It’s very rare when one sees all the stalwarts of the broadcast industry together at a forum, united. Rightly so because of the lethal and detrimental second version of the worst nightmare of a television professional, the NTO 2.0 which hit the industry on the first day of 2020.
Uday Shankar at the IBF press conference which was held yesterday spoke about the Impact of NTO 2.0 on the broadcasters and indicated the IBF taking the legal route to get out of the regulation. Shankar said, “The members of the IBF, more often than not, do not like to interact with the media. In fact, I don’t even remember in the last seven or eight years as to when did this ever happen.”
“The idea for the whole body to come together to address this detrimental issue is because we believe that our job is to create content, not become a part of it.”
“In less than a year, twice this exercise has been done. Now, to my mind, I’m not a legal person and I’m not a regulator but it doesn’t make sense. If thoughtful comprehensive collaborative exercise was done last year or two years ago then what is the need for this one?” asked Uday Shankar.
How NTO 1.0 was not for the consumer, Shankar said, “It really means that the previous exercise was not for the consumer, it hasn’t even educated the consumer, educated the ecosystem, about the new Tariff structure, even before it had started, I think, you know this. Despite software shortcomings, it was taking off the ground pretty well, you know, over a crore and a half people had gone for updates on our current channels. So it was moving in the right direction and then suddenly the whole thing has to be reset to zero.”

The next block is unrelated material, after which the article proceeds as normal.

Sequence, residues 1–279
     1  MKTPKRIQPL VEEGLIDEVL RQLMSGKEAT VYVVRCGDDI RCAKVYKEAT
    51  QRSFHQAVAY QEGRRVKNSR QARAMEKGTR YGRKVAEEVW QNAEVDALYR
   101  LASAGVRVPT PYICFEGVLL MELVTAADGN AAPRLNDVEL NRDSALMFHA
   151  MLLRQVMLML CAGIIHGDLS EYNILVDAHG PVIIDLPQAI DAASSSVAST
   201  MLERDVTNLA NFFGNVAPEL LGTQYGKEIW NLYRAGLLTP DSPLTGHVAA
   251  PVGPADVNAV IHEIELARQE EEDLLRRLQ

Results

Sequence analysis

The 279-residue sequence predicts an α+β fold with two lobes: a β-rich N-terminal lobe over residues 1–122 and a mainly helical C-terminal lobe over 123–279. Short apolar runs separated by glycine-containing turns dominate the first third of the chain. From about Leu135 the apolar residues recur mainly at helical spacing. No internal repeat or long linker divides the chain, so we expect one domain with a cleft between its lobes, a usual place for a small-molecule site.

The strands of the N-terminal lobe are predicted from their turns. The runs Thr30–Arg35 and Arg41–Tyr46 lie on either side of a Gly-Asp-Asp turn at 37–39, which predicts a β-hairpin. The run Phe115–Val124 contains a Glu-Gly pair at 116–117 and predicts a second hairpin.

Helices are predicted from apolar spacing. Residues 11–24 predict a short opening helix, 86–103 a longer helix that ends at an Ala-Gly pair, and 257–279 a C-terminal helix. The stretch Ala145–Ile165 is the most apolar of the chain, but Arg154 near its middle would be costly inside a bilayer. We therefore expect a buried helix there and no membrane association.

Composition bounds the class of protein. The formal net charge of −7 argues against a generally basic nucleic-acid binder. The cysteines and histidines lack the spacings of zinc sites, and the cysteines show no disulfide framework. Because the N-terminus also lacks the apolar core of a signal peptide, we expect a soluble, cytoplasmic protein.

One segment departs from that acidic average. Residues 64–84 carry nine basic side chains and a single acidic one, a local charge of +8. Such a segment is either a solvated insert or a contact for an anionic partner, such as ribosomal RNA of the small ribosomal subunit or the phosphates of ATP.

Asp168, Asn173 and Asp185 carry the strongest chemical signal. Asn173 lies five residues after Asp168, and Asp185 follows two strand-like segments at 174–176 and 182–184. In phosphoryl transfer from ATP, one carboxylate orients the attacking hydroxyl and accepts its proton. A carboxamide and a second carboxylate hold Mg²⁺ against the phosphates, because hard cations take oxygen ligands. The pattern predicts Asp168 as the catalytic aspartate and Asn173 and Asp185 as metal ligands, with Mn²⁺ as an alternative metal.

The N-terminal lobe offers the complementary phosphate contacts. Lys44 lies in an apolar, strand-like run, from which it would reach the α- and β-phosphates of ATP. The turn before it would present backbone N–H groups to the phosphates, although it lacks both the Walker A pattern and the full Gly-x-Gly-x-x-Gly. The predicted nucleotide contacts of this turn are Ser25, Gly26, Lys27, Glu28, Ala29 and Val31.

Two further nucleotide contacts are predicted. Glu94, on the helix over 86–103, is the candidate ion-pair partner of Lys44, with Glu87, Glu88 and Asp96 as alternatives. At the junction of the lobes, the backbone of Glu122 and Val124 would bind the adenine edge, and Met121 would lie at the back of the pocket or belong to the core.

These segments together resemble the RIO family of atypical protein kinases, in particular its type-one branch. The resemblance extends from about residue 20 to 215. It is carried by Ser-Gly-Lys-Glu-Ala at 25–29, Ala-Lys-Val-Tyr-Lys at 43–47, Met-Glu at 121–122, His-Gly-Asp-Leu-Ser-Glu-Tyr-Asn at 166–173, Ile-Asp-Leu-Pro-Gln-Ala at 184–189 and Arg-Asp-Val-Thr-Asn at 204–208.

“So this kind of trigger happy regulatory intervention at a very fundamental level is not good for the industry, and the regulator seems to not care about that. A part of its job is also to create an enabling framework for the industry to grow and all stakeholders to benefit.”
How TRAI put something at a price for consumers when it was free Shankar said, “For the consumers to get the best guidance and best range of content that they that they deserve and finally, the point I want to make is that if the regulator is so concerned about bringing down the price to the consumer, then, why is the cable operators are being allowed to charge as much as 100 -160 rupees for FTA channels when technically they are free. These channels could be, obtained by the consumer free of charge.”
“So, something that in the previous regime was available for free. The regulator in the name of bringing down the burden on the consumer has actually let DPO’s to charge for it. This is exactly the point that the regulator, and all you reported that we had pointed out even then, that the prices for consumers can go up.”